Western Europeans and Others: The Making of Europe at the United Nations

Article excerpt

This article examines the emergence of the so-called Western European and Others Group as well as that of the caucus of European Communities at the General Assembly of the United Nations based on a study of documents from Nordic foreign ministries in the period 1945 to 1975. It shows that the global entanglement of Western Europe both stimulated and inhibited the development of closer subcontinental collaboration during the Cold War, and it demonstrates that a European core was necessary for facilitating common political action. The hesitant and reactive evolution of Western European collaboration at the United Nations, the arbitrariness of its geographical scope, and the alienation of its members provide a key to understanding European identity in the second half of the twentieth century. Keywords: United Nations, bloc politics, Western Europe, foreign policy, identity

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Familiarity with the European Union makes it easy to forget that the concept of Europe is highly contingent and that it takes different shapes in different settings. A striking, albeit little-known example lends itself well to illustrate this premise: On the world floor of the United Nations, the existence of the two separate groups--the so-called Group of Eastern European States (EES) and the Western European and Others Group (WEOG)--continues to have significance for regional representation in United Nations organs two decades after the end of the Cold War.

While the division at macro level is clearly obsolete, not least in view of the development of close collaboration of the countries belonging to the European Union in all matters concerning the United Nations, (1) enthusiasm for a revision is lacking. The reason for maintaining this seemingly blatant contradiction lies in a more complex underbelly: Any change in the key of representation would certainly diminish the political representation of the European states in United Nations organs. (2) Thus, former Soviet republics wishing to join the Western electoral group have been rejected. After a maverick spell and hope for admission to the Western European and Others Group, even Estonia has now joined the Eastern European Group. This step was taken as late as May 2004, parallel to the country's accession to the European Union. The ongoing participation of Cyprus in the Asian Group is worth noting among other political anomalies of regional politics in the United Nations.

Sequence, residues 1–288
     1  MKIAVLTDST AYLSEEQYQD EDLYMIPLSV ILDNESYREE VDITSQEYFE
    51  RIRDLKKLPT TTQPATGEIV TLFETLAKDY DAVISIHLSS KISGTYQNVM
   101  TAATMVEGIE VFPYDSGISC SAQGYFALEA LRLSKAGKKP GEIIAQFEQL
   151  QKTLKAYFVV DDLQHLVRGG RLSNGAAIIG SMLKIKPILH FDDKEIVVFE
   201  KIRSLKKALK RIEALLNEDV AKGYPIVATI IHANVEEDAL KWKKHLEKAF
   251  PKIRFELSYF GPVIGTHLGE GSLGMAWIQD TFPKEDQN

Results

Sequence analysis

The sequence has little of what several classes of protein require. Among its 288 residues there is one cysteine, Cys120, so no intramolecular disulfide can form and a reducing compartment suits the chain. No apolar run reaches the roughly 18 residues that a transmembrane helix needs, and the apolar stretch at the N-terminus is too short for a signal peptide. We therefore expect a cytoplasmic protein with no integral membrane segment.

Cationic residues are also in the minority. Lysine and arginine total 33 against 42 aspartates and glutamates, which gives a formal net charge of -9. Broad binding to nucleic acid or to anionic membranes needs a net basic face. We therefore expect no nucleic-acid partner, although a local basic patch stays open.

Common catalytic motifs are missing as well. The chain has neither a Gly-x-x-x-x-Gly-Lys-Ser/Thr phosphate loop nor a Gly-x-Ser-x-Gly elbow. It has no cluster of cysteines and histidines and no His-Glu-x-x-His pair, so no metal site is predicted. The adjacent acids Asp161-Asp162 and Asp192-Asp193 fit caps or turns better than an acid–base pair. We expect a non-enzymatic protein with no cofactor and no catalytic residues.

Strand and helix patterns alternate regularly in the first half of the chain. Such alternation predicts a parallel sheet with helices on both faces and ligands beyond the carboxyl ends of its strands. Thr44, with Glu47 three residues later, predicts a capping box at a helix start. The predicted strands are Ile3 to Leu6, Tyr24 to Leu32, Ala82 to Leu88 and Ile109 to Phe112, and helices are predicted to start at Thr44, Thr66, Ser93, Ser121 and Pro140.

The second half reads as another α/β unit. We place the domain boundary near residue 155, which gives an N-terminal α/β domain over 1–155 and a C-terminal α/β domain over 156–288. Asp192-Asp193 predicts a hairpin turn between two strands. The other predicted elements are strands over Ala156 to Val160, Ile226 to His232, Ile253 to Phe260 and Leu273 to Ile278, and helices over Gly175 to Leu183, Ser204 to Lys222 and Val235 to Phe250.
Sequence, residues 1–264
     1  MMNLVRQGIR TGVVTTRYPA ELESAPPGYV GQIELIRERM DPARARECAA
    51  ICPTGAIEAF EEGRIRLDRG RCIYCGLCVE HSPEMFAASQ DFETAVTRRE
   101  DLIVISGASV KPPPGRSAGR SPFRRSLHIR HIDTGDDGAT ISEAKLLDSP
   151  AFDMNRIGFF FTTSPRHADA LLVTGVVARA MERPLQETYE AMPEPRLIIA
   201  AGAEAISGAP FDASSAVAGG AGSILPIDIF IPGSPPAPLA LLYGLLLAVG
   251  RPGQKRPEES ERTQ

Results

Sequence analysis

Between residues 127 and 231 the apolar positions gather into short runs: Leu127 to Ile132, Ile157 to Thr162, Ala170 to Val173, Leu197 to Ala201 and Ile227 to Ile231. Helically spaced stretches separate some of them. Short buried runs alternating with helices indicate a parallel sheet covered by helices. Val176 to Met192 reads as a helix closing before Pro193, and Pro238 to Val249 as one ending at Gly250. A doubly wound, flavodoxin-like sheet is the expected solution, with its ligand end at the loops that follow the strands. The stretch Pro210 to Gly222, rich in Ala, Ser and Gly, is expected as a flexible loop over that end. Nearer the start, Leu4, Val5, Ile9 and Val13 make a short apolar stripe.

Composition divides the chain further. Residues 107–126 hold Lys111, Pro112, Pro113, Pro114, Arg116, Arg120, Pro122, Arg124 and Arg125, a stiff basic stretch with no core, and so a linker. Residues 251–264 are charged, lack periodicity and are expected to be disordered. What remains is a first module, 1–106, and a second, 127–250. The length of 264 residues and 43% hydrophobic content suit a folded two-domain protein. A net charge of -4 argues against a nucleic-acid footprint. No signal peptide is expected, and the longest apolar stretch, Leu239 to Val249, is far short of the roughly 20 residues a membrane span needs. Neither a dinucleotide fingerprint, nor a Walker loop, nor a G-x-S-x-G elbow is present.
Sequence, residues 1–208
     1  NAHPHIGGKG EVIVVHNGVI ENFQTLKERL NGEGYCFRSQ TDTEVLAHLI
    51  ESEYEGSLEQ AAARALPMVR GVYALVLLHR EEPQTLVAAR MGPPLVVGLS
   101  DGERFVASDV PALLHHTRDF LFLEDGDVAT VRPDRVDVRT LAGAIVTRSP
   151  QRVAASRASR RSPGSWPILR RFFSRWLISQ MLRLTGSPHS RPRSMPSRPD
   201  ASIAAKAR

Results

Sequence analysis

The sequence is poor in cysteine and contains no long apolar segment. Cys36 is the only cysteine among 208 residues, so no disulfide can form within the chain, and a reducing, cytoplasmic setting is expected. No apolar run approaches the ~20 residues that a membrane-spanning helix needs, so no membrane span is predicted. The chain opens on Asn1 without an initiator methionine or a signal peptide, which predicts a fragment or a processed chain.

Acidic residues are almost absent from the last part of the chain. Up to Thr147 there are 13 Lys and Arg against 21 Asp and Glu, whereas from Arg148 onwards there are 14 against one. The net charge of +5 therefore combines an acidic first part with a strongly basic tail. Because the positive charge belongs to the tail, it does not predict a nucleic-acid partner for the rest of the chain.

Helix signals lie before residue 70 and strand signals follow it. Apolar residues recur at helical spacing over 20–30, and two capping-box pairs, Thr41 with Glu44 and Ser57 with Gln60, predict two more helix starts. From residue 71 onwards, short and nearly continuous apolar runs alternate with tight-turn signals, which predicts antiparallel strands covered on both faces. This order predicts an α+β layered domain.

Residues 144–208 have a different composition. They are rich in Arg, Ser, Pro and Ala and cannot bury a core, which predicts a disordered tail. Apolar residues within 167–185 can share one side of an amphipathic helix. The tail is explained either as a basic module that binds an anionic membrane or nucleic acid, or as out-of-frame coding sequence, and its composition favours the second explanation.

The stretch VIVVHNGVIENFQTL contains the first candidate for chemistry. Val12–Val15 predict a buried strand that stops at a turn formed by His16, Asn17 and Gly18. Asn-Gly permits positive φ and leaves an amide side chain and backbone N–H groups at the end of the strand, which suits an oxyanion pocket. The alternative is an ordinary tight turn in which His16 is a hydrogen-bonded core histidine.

This article examines the emergence and early development of the WEOG as well as that of the caucus of European Communities (EC). Based on a study of documents from Nordic foreign ministries, it challenges a pioneer study from 1960 on bloc politics in the United Nations that claims, "The states in the Western European geographical distribution group have been 'lumped' together, so to speak, in a strange collection of members which it would not be very productive to examine."

This grouping is in contrast to the potentially more rewarding study on the consultation of members of the European Communities. (3) This article assumes the very opposite; namely, that the hesitant and reactive evolution of this group, the arbitrariness of its geographical scope, and the alienation of its members provide a key to understanding European identity in the second half of the twentieth century. While it demonstrates the potential for a globalizing Europe as a community of values that eventually transforms most of the countries within its scope and transcends imagined geographical borders, this understanding also shows that a European core was necessary for facilitating common political action. Thus, the history of Western European cooperation in the United Nations facilitates a better understanding of the contingency of the construction of Europe, which frequently leads to European communities not conforming to geographical definitions.

The following survey starts by sketching the legal parameters of Western European representation in the United Nations. …